Summer is in full swing, even if we still have to break out the light jackets in the evenings. It’s so nice to see my flower beds really starting to hit their stride. The first coreopsis is peeking out with the promise of a spectacular show in a week or two. The coneflower heads are showing the beginnings of purple petals, yellow tomato flowers tease the bounty to come, and so many other hints of color are popping out. All our hard work last fall and this spring is finally starting to bear fruit (literally, in some cases!)
As the new Horticulture Educator for DuPage, Kane, and Kendall counties, I wanted to take a moment to introduce myself. I have replaced Richard Hentschel, who retired last year (not that anyone could truly replace Richard!) I look forward to providing you with lots of interesting gardening-related information in the coming years. I spent much of my career educating homeowners on using native plants in their home landscaping, so that’s a particularly favorite topic of mine. But I’ve been gardening since I was old enough to follow my grandfather and my dad around their gardens, stealing tomatoes and peapods to munch on while I played outside.
A little rain must fall (eventually?)
We are currently more than 2 inches below the average for this time of year, with little to no rain in the coming forecast. We’ve gotten so little precipitation over the last few weeks, coupled with a few weeks of warmer-than-usual temperatures, that plants are likely struggling. Even established native plants, trees, and shrubs, which can usually weather a drought like this, will appreciate a little help.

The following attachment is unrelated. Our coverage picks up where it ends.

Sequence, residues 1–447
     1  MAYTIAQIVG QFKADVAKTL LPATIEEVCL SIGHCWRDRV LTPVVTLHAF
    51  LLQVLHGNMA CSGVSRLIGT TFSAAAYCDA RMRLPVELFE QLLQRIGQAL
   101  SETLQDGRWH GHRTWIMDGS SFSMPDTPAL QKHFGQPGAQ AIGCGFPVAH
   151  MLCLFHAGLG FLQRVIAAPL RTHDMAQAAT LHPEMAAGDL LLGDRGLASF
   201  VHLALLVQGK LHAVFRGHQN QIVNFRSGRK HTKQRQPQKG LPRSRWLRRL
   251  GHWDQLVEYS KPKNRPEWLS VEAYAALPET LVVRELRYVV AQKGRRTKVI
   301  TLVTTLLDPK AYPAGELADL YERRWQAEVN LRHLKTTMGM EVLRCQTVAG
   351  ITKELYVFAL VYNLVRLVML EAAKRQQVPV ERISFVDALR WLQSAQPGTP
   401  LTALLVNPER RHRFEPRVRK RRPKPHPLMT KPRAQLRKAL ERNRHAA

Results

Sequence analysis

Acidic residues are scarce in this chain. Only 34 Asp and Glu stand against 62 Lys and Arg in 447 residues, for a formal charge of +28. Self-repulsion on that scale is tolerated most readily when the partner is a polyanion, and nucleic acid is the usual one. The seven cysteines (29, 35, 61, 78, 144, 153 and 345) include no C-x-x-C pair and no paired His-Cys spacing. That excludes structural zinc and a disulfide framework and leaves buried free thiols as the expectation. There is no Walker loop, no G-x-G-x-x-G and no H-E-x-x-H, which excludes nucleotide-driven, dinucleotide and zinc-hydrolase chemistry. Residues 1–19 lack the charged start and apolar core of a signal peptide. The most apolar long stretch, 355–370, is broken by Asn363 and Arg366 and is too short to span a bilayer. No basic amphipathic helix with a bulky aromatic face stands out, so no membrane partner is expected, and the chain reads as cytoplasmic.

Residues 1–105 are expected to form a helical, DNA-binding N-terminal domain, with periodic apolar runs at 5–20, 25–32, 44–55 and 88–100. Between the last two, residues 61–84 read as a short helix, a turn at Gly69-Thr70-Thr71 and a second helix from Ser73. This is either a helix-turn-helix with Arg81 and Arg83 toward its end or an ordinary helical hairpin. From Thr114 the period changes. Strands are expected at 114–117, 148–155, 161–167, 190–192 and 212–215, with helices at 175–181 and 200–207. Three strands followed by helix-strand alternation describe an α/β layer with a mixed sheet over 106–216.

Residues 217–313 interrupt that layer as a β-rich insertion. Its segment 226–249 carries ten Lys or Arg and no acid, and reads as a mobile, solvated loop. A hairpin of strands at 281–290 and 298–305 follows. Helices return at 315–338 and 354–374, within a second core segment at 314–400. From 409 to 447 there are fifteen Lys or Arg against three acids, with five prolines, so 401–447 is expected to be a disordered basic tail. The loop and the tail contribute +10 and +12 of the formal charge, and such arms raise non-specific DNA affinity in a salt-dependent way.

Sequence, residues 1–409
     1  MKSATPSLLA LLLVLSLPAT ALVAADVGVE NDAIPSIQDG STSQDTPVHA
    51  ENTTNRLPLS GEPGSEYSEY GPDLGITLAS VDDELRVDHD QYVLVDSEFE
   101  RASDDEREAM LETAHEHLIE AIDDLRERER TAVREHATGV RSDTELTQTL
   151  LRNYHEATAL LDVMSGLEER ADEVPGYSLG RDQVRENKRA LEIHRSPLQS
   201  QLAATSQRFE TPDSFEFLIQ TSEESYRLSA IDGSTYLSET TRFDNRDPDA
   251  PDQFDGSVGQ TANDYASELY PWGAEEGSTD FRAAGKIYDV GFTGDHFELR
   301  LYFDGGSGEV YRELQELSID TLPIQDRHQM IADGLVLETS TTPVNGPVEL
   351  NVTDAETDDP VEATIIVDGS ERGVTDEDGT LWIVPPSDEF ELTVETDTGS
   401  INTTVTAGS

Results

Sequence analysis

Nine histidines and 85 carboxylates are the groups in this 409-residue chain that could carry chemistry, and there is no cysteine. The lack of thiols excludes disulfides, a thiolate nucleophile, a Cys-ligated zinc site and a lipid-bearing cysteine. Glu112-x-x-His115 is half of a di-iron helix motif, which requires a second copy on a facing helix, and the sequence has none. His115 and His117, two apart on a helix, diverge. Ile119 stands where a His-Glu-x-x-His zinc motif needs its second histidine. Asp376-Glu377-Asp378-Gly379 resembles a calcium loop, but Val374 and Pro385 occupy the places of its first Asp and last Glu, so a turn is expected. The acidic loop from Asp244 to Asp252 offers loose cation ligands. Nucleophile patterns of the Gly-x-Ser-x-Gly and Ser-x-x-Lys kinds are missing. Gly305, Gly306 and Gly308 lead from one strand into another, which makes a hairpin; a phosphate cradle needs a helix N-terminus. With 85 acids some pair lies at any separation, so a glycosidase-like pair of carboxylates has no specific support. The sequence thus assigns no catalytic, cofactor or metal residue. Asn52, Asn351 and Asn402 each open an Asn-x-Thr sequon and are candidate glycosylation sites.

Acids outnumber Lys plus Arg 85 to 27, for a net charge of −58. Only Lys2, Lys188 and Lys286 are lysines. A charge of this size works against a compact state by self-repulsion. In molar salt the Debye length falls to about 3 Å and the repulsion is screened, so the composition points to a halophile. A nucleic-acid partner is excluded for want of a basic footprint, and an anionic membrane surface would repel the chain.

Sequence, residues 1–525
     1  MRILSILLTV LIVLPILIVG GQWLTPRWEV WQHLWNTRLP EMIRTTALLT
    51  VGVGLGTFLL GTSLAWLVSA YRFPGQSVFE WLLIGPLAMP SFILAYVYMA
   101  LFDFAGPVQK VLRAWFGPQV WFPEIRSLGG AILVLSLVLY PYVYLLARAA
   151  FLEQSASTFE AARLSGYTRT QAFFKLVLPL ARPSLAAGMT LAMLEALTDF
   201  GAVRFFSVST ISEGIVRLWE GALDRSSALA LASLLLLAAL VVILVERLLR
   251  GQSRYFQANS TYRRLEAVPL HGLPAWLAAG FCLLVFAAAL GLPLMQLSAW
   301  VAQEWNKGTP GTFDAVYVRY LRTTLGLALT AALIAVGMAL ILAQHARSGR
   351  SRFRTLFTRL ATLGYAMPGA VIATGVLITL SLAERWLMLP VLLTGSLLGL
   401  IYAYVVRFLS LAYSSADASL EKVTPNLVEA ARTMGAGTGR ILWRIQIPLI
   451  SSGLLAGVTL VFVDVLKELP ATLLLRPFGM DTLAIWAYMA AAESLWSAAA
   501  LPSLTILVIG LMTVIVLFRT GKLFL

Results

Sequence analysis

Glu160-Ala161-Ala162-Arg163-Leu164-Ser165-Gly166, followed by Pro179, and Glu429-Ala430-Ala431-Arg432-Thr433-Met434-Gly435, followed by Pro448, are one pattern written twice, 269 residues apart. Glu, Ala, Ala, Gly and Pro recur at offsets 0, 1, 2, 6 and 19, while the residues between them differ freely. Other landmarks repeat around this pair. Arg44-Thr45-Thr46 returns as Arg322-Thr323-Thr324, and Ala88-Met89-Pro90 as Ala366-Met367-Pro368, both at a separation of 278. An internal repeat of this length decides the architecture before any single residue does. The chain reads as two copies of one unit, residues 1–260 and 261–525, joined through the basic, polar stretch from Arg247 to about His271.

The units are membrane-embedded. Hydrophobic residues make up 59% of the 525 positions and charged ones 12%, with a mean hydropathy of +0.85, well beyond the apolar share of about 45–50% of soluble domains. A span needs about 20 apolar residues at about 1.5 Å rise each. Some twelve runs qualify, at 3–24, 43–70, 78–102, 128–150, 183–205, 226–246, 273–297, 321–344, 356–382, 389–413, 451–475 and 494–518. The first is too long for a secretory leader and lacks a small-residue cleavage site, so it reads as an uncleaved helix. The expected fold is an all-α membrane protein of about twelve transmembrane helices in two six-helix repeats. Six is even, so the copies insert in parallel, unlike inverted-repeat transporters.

For best results, water everything early in the morning to keep water from evaporating too quickly. Evening watering is ok, but the cooler nighttime temps can encourage fungal growth and rot on wet plants. If you use a sprinkler, make sure it is targeting the plants and not watering your driveway or street. Using a properly aimed sprinkler can make it easier to give all your plants a nice long drink. Remember, it’s better to give your plants deeper waterings, less frequently, than daily short waterings, as this helps make sure the entire root gets water, not just the top inch.
To figure out how much water your plants are receiving, place a cup in the middle of the planting and measure the amount of water inside. A half-hour after watering, dig down with a trowel and see how far down the water went. If it doesn’t go down at least 8 inches, you may want to water for a longer period of time. Trees and shrubs can take several years to become fully established, so giving them a good soak will help them continue to thrive for years to come.
Here for you, come rain or come shine
Climatologists are predicting a few more weeks of this below-average rainfall, so continue to practice proper watering techniques until then. If you have gardening questions, contact the Master Gardener Help Desk at your county Extension office. They are available by phone or email, or you can stop into your local office, but check the website for help desk hours first. Happy gardening!